Reflection on This Week’s Readings

WORTH THE RISK

Perhaps Peter, Andrew, James, and John had heard rumors of this wandering preacher Jesus. Maybe they had been growing restless for some time in their lives as fishermen. It’s possible they sensed that something was shifting in the world around them. They could have been fed up with the brutality of the Roman Empire and were looking for a leader to bring about change. Maybe they longed for something more, for a better way of living and loving and being. Maybe they were just so taken aback by this invitation to drop everything and follow that they couldn’t help but say yes. We don’t know their reasons for joining the Jesus movement that day, but there was clearly something so compelling about this kingdom of heaven (Matthew 4:17) that they were willing to drop their nets, risk everything, and not look back.

Perhaps we too hear in the gospel today a renewed invitation to get swept up in this kingdom, a call to drop old ways of being and embrace a life of following Jesus. Maybe this vision of the kingdom catches us when we witness ancient scripture finding new life in our hurting world. Perhaps we glimpse the possibilities of the heavenly kingdom when communities of unlikely people gather to share bread and wine at the same table, and when we see the hungry being fed, the suffering being cared for, the lonely finding welcome, the oppressed finding freedom. Suddenly, we know that this is God at work.

As Jesus reminds us, the kingdom of heaven is not a far-off kingdom. It draws near to us, breaking in around us perhaps in the moments when we least expect it. And when we catch sight of it, we just might never be the same. A world where the sick are healed, the hungry are fed, the outcasts find belonging, and ordinary days are filled with holy purpose? That’s a kingdom worth risking everything for.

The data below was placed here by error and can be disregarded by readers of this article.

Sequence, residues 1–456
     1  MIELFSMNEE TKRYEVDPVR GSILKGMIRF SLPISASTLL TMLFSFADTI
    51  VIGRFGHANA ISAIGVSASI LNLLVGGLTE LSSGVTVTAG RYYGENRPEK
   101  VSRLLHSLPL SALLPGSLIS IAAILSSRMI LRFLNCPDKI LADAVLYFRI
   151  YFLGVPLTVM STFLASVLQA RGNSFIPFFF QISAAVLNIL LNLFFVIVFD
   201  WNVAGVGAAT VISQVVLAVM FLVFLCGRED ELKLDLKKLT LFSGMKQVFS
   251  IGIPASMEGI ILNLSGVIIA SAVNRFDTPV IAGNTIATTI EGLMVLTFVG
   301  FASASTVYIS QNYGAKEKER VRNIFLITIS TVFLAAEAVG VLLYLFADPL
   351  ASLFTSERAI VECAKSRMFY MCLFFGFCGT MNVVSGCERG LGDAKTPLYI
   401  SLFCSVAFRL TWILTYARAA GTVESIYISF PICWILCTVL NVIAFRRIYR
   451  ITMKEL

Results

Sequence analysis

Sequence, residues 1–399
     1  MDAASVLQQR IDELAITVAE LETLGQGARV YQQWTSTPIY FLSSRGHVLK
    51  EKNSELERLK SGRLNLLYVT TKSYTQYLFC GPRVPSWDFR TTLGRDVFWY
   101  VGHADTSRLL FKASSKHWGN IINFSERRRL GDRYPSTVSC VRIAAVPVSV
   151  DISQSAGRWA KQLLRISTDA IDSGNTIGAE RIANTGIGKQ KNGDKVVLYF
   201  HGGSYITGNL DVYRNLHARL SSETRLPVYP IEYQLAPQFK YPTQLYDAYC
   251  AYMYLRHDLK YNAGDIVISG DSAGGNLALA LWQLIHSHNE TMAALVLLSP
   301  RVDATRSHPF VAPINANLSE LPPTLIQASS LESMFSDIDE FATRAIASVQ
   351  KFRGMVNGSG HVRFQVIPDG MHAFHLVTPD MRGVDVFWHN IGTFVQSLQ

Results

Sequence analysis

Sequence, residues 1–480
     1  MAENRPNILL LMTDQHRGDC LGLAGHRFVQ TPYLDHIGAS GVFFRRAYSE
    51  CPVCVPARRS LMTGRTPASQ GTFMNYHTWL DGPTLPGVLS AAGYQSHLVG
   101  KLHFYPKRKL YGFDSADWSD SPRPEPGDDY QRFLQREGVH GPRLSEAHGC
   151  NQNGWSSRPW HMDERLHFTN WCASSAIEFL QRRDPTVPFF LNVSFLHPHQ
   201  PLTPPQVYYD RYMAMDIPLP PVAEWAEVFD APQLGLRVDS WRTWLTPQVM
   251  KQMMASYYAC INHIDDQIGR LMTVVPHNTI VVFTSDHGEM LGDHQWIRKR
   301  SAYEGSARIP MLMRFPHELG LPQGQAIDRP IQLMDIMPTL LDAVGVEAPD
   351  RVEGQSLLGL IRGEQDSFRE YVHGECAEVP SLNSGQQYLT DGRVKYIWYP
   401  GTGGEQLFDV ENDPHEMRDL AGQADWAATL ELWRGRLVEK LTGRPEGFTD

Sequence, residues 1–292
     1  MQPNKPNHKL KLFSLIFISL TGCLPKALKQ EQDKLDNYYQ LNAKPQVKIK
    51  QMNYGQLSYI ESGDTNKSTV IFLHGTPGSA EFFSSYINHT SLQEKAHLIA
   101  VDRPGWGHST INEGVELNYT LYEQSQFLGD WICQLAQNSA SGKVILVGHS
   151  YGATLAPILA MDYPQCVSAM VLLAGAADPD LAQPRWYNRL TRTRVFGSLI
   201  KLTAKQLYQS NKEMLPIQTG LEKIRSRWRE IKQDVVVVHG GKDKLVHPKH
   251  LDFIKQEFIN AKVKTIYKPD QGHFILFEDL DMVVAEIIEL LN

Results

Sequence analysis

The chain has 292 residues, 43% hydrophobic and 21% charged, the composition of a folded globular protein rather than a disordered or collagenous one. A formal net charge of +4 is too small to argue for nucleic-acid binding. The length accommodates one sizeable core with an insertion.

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THIRD SUNDAY AFTER EPIPHANY
In Year A, the Sundays after Epiphany explore the narratives of Jesus’ early ministry and preaching for their meaning for Christian faith and life.

 

 

Matthew refers to Jesus as the great light and stresses the immediacy of the fishermen’s obedience to Jesus’ call. Jesus’ call is to repentance. Over the centuries, Christian theologians have variously understood what Matthew means by “the kingdom of heaven.”

 

 

As is sometimes the case, the reading provides the Old Testament passage that is cited in the gospel. Along with Matthew, Christians have seen in Jesus Christ the great light that the prophet anticipates and the salvation God promised. Most of this passage is appointed also for Christmas Eve. On this Sunday, the passage stresses the light of Jesus’ ministry.

 

 

In today’s semicontinuous reading of 1 Corinthians, Paul writes that baptism is about the death of Christ and the power of God, not about identification with quarreling groups of Christian believers. The twenty-first-century church, with its myriad denominations, humbly hears Paul addressing our current fractured situation.

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